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Sugar tax starts in UK

The sugar tax on soft drinks has taken effect from today (6th April 18).

This means that manufacturers of soft drinks will be forced to pay a levy on the high-sugar drinks they sell. Makers of soft drinks with more than 5g of sugar per 100ml will pay 18p a litre to the Treasury. That increases to 24p a litre if the sugar content is over 8g per 100ml.

This cost will subsequently be passed on to retailers and customers. The Government and health campaigners hope the higher prices will put consumers off buying the most sugary drunks and lead to a significant decline in obesity.

Many drinks have changed their formulations to escape the levy- most notably Irn Bru, whose recipe change was faced with a petition backed by 52,000 public signatures demanding they keep it the same.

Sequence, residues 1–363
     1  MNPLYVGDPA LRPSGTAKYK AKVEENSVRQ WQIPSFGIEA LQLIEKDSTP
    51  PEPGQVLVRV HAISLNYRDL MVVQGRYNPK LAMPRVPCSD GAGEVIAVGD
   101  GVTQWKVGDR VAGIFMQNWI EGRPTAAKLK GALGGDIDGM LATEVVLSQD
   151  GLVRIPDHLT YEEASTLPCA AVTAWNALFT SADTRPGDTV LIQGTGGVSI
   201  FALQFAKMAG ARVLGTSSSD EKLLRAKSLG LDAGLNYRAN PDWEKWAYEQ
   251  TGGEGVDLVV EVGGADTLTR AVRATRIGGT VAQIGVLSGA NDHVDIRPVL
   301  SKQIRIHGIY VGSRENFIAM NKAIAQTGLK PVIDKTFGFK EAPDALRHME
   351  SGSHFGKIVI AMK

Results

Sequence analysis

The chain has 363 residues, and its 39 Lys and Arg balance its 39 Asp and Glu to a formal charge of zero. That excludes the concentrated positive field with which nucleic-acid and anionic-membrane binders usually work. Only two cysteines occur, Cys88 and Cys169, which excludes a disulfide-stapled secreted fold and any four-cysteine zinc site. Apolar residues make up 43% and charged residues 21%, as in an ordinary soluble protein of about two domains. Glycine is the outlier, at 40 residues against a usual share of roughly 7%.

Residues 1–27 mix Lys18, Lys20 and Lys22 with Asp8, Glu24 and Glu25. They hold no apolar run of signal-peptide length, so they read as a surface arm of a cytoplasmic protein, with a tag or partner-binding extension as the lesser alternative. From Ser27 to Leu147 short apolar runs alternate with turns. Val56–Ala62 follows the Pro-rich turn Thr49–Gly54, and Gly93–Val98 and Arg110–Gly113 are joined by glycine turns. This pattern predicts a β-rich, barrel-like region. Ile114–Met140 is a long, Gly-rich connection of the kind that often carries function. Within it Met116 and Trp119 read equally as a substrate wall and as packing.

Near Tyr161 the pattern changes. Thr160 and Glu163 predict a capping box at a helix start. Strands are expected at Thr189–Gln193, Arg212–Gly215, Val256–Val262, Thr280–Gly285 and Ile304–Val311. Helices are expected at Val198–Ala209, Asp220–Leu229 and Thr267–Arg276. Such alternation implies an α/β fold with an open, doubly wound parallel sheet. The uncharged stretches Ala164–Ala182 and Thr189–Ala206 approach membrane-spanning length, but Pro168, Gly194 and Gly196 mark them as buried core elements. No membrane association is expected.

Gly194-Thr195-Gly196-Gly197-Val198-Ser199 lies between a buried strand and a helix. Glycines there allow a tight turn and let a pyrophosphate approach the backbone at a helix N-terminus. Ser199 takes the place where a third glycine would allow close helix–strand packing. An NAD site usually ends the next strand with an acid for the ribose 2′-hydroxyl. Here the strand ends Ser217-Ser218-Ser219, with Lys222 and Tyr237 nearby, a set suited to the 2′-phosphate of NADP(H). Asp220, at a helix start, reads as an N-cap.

But original classics such as Pepsi and Coca-Cola Classic are not changing their recipe and will therefore attract the levy. The cost of a 330ml can of the original Coca-Cola, which contains around seven teaspoons of sugar, is likely to rise by 8p plus VAT.

But more than 50% of manufacturers have changed their formulas to cut sugar, according to figures last month from the Treasury.

This tax is very much aimed at high-sugar drinks, particularly fizzy drinks, which are popular among teenagers. It is imposed according to the volume of the sugar-sweetened drinks they produce or import and on the amount of sugar in drinks.

There are two bands: sugar content above 5g per 100 millilitres and sugar content with more than 8g per 100 millilitres.